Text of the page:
Dear Dr. Mostashari,
Prior to reading your interview in Medical Economics, I had only heard of your office, but didn’t know specifically who you were. Based on your previous job title, I would have guessed that you got your medical degree in the Ivy League, and I would have guessed that you had a real love for population contr-, sorry, population health. I’ve read also that you hooked up a bunch of New York doctors in underserved areas with electronic health records, and that you worked for several government agencies on the way up the ladder to your job as National Coordinator for Health Information Technology at the U.S. Department of Health and Human Services.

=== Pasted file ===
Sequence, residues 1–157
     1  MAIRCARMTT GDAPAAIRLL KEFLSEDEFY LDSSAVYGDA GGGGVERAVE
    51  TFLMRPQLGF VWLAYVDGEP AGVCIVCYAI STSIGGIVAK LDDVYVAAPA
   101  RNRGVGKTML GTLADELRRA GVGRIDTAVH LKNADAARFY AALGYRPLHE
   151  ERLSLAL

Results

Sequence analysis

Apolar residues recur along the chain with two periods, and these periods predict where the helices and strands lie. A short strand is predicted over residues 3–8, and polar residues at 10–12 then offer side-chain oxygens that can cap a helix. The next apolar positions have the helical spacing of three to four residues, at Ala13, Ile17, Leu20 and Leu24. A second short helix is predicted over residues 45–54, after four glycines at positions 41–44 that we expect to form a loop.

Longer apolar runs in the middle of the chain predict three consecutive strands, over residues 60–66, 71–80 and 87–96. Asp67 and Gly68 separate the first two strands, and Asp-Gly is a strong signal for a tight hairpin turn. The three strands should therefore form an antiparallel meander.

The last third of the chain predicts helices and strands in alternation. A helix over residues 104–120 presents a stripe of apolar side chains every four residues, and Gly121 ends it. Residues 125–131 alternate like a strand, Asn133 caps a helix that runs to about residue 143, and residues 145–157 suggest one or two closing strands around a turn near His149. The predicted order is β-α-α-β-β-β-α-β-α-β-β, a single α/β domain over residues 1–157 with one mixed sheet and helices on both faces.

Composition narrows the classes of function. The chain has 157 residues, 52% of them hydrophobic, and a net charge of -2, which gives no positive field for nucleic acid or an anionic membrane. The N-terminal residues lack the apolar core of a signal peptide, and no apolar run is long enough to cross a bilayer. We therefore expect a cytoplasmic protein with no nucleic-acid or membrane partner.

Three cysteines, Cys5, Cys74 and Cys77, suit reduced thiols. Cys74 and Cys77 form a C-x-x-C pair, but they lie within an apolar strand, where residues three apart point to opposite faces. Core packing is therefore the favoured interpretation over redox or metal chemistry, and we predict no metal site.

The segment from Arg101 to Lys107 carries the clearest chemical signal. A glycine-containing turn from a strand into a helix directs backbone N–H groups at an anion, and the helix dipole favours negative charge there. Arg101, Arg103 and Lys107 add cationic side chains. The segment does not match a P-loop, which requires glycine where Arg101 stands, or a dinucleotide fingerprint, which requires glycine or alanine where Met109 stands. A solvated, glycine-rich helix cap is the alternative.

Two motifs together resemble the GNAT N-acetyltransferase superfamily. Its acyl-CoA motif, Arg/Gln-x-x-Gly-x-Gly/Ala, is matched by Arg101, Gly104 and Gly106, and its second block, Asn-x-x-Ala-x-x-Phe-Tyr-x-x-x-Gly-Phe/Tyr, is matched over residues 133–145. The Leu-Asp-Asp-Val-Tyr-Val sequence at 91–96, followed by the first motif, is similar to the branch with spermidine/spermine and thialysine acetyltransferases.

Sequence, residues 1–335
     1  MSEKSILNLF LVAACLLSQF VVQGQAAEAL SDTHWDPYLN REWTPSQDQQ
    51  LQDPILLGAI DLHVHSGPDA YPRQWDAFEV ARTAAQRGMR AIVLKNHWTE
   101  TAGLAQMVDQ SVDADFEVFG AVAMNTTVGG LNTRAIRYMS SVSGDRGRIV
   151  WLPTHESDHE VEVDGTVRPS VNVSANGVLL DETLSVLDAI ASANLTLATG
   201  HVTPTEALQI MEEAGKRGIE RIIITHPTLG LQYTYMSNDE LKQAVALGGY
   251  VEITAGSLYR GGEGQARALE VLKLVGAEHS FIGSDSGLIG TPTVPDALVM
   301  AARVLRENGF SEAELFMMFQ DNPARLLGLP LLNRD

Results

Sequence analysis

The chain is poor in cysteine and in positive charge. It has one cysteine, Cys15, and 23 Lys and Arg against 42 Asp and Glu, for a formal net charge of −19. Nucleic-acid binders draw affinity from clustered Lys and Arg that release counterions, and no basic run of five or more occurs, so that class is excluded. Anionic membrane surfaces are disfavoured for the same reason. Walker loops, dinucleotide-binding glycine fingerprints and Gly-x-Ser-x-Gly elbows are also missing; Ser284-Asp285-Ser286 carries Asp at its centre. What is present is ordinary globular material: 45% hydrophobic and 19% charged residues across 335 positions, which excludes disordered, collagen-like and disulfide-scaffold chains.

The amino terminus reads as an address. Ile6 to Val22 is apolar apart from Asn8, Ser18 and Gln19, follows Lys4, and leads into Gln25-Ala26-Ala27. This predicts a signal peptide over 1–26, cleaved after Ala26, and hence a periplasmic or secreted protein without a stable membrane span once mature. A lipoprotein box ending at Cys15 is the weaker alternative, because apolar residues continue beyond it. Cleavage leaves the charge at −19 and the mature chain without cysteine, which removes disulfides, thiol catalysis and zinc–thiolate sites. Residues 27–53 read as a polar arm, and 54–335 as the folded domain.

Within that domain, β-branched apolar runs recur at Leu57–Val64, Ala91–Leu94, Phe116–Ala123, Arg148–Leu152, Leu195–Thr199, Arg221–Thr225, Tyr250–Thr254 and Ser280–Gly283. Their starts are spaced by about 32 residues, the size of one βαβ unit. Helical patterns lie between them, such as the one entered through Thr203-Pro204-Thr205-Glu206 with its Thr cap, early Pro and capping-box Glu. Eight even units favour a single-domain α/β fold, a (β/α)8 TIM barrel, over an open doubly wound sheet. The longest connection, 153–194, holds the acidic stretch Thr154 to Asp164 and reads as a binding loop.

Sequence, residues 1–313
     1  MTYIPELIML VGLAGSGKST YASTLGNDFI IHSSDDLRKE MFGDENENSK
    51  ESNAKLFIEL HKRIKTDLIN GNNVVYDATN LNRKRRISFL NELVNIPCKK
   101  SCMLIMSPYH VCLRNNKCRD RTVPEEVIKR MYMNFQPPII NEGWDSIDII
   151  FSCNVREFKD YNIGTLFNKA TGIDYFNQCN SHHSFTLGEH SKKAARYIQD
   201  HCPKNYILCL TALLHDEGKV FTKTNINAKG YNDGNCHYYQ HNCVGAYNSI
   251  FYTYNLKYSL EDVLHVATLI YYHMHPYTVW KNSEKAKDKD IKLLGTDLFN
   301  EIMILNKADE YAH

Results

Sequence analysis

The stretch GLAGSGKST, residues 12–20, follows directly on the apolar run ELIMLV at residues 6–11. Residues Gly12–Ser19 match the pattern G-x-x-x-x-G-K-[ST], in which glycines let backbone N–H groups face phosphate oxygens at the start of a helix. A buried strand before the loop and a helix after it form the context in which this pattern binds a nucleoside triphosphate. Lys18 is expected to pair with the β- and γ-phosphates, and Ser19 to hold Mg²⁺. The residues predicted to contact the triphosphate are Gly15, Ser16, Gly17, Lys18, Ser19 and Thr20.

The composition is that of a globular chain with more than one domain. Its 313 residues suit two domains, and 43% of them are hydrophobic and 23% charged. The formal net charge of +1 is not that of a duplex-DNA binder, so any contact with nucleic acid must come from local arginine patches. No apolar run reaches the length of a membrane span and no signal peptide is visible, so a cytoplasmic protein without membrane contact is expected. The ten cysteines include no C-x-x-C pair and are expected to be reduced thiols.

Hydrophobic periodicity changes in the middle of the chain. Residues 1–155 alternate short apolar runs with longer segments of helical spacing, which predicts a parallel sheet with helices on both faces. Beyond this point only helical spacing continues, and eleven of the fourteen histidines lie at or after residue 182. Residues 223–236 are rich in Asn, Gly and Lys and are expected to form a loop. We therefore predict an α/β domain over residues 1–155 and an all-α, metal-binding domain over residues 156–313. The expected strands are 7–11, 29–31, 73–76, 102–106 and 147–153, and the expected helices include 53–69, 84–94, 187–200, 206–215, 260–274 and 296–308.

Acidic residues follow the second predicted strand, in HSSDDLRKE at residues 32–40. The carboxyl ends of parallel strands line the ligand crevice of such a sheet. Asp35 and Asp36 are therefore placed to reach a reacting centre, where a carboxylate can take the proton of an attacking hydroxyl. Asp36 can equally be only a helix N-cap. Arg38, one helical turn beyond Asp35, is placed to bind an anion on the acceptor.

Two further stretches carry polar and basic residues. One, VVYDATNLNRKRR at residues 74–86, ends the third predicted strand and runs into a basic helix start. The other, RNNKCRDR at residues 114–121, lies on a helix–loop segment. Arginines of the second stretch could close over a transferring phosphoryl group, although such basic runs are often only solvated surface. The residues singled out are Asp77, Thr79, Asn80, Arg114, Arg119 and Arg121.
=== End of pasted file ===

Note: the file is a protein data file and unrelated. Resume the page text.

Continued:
Funny thing, I couldn’t find in any of your online biographical info where you had actually seen patients on a daily basis after you left residency, or that you had any experience in trying to start a struggling small business. It seems like that would have been valuable experience for a guy paid to enforce “Meaningful Use” on the majority of physicians. On the other hand, maybe blissful detachment allowed you the objectivity to make a statement like: “I think Meaningful Use became too much about compliance and not enough about outcomes.” Yeah, if you lived in fear of the government the way most of your less well-connected colleagues do, then you would have already known that compliance has replaced a lot of “outcomes.”